In recent times, Qualcomm has come out of its 3GPP enclosure and sought to be a major force in WiFi too, courtesy of its Atheros acquisition and inhouse activities. Its latest announcement, made at last week’s Computex trade show in Taiwan, is a mesh networking platform which builds a full reference platform, for OEMs, around its chips, and brings together several WiFi technologies, stretching them beyond their usual limits.
The Mesh Networking Platform is designed to connect smart devices of all kinds through the home, including the increasingly important voice-activated home controllers such as Google Home and Amazon Echo.
Its offering should reduce time to market for vendors which want to follow Google. Netgear and Linksys into the home wireless mesh space, launching systems which boost WiFi coverage by using two or three access points. Some of these are already using Qualcomm’s IPQ 40×8/9 network system-on-chip (SoC), which the company says is used in nearly every mesh networking product available today – but a reference design should lower the barriers to others.
Qualcomm’s platform supports voice control capabilities and centralized management and security, as well as self-organizing features to optimize WiFi coverage and traffic quality. Qualcomm is also offering cloud-based diagnostics to enable remote monitoring and analytics for troubleshooting. And the integrated voice capabilities allow users to interact with devices on their network using a built-in microphone array and speaker and voice recognition software. It also supports APIs to popular cloud-based digital assistant applications.
The chip giant also provides an IoT connectivity suite to work with the platform, enabling simultaneous use of WiFi, Bluetooth and 802.15.4 technologies such as ZigBee and Thread. The Bluetooth end includes support for CSRmesh, another Qualcomm mesh system, which it acquired with UK-based CSR. The platform can also support other communication protocols, cloud services and software frameworks, says Qualcomm, with the aim of sitting at the heart of the home as a universal hub for different connectivity technologies and ecosystems.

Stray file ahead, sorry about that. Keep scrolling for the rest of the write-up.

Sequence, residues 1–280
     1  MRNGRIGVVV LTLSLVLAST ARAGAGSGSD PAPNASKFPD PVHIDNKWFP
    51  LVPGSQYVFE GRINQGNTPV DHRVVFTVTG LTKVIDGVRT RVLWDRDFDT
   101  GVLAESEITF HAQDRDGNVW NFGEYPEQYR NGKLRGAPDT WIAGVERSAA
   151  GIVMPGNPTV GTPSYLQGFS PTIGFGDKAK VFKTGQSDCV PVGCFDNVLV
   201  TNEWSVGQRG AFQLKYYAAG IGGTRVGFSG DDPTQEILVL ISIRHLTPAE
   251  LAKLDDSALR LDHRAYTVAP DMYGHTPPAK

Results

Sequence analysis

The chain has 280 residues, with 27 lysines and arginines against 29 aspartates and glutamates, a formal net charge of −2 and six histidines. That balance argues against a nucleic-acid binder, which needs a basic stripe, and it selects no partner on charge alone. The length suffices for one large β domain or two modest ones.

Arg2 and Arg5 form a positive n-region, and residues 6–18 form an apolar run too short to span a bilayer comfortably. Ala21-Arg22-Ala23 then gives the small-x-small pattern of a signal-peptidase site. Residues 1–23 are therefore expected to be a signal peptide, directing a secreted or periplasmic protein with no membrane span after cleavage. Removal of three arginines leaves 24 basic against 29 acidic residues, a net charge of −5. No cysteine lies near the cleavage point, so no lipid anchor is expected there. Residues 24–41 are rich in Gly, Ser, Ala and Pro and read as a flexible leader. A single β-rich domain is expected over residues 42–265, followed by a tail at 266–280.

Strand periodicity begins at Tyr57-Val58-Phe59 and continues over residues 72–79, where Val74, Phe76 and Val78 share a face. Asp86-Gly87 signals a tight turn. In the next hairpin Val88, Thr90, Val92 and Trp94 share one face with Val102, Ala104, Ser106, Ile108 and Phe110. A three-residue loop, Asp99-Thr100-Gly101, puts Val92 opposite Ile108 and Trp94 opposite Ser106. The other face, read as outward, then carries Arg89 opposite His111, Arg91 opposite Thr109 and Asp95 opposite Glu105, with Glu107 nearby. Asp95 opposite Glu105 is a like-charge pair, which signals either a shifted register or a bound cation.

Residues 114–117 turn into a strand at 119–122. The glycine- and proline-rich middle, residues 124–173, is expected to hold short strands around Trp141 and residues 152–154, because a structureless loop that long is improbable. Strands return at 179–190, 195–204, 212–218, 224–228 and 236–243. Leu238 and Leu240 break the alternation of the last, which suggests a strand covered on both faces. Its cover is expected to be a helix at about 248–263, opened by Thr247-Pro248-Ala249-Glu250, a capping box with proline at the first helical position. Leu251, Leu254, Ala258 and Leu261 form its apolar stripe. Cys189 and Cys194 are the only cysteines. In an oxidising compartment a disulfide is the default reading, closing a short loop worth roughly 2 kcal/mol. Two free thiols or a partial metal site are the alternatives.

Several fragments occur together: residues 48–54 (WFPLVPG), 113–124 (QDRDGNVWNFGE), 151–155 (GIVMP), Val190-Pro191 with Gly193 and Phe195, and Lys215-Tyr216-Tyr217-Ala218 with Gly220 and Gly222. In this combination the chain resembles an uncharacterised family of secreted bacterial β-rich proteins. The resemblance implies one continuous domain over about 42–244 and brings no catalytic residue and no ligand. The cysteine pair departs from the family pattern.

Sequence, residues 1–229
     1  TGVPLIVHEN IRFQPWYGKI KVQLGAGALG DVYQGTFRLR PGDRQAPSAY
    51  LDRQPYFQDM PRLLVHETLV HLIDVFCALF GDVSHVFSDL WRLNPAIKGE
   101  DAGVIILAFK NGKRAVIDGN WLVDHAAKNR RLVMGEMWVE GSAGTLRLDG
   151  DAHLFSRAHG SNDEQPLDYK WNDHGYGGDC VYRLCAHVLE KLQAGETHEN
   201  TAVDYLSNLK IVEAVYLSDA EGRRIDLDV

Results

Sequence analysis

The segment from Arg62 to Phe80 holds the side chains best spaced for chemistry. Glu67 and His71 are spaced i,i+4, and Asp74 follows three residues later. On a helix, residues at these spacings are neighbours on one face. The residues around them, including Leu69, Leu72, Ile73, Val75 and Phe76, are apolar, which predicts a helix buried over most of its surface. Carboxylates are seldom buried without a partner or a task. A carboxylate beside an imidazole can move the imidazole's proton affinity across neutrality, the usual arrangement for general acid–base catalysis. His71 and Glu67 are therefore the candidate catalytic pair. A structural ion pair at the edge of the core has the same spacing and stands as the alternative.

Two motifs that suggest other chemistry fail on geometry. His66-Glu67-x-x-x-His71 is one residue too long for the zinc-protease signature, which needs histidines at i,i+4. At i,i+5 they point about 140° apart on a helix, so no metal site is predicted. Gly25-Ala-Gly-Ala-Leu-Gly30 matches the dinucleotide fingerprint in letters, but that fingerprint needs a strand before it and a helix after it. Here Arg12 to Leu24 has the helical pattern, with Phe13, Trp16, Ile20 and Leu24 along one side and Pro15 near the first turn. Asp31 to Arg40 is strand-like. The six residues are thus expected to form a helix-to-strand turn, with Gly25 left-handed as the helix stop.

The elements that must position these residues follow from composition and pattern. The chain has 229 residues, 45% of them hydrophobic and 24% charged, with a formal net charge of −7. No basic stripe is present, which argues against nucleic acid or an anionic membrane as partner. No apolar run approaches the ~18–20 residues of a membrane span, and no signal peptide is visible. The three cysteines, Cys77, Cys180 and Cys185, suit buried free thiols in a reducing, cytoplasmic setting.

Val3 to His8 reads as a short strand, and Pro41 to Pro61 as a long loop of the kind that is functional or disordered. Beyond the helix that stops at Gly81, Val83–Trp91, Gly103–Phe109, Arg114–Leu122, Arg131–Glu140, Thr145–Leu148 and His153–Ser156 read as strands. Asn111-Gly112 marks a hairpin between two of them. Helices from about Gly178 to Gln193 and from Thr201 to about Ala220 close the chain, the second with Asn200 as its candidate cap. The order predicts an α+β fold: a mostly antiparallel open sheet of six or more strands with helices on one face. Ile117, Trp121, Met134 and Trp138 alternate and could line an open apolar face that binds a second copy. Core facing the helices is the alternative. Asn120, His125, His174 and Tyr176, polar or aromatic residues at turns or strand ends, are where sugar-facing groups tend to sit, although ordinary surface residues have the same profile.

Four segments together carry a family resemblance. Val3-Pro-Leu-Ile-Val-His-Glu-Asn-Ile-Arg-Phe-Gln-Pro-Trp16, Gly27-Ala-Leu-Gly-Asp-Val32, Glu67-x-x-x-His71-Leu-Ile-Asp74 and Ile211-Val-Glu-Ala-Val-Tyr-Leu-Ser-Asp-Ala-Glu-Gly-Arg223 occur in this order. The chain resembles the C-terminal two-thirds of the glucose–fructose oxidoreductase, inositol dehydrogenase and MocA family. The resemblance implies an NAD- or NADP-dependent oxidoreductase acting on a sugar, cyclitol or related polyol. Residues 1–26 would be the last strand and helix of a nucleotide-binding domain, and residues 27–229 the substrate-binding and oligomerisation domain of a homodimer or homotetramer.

Gopi Sirineni, VP of product management at the company, said: “New capabilities like voice assistance and IoT radio integration will not only transform consumer experiences at home, but along with carrier-grade feature enhancements, make it easier for our customers to adopt and deploy mesh systems aligned to how people want their networks to perform.”
The company says various WiFi variants, as well as powerline, can be used to backhaul the mesh. These include 802.11ac, but it also mentions 802.11ad (WiGig), best known for connecting devices in the home at very high speeds, but over very short distances; and the forthcoming 802.11ax, the next generation of WiFi standards, which will be targeted at more efficient use of spectrum to boost data rates in complex environments such as sports venues.1
This indicates a common feature of the WiFi industry – vendors race to launch pre-standard products, striking a delicate balance between moving too early (and facing a difficult upgrade to fully standard products in future) and leaving it too late, losing first mover advantage. It also sees Qualcomm pushing the newer WiFi variants – 11ax, but also 11ad – beyond the use cases for which they have been initially designed.
Qualcomm announced an end-to-end family of chips based on pre-standard 802.11ax specs in February, including support for network infrastructure and client devices. These are sampling now, and the first product is expected in November, with the first carrier and enterprise-class products due in March 2018. A Qualcomm VP of product management, Irvind Ghai, told FierceWireless: “We’re seeing a quick shift to 11ax.
In the case of 802.11ad, the standards are finalized, and the technology is starting to move beyond its early use cases of streaming HD video between TVs and tablets, or connecting PCs and peripherals. But Qualcomm is showing the short range, 60 GHz system operating in very different scenarios – over ranges of up to one kilometer, and in outdoor networks. The company said this would turn it into a broadband access option for enterprises and carriers and it believes customers will introduce tri-band access points and outdoor hotspots this year, supporting WiFi in 2.4 GHz, 5 GHz and 60 GHz.
One of the first publicly announced products is the Wireless Wire 60G, an outdoor transparent link recently introduced by MikroTik. This is a gigabit Ethernet extender for connecting buildings over up to 100 meters.
Qualcomm says 802.11ad can be an alternative to cable and fiber because the 60 GHz band has plentiful capacity and is uncongested. Its new 11ad chipset combines the QCA6335 baseband and QCA6310 RF transceiver, which uses up to 256 antenna elements, with beamforming and beamsteering, to achieve the extended range and cope with the obstacles of outdoor environments. The chip giant said the product can enable access points which “maintain strong connections in dense environments, highly accurate positioning, as well as a low power CMOS design to meet enterprise Power over Ethernet (PoE) requirements.”
Ghai said: “802.11ad holds great promise for a wide variety of consumer applications, and can now provide enterprises and carriers with a highly robust and cost-effective way to extend their networks indoors and out [using] virtually untapped wireless spectrum to eliminate expensive fiber installs and unsightly aerial cable drops.”
It also believes tri-band APs will complement enterprise WLANs by augmenting capacity in areas of dense usage such as conference rooms or auditoriums. Fast Session Transfer (FST) can provide seamless transition to 802.11ac when roaming.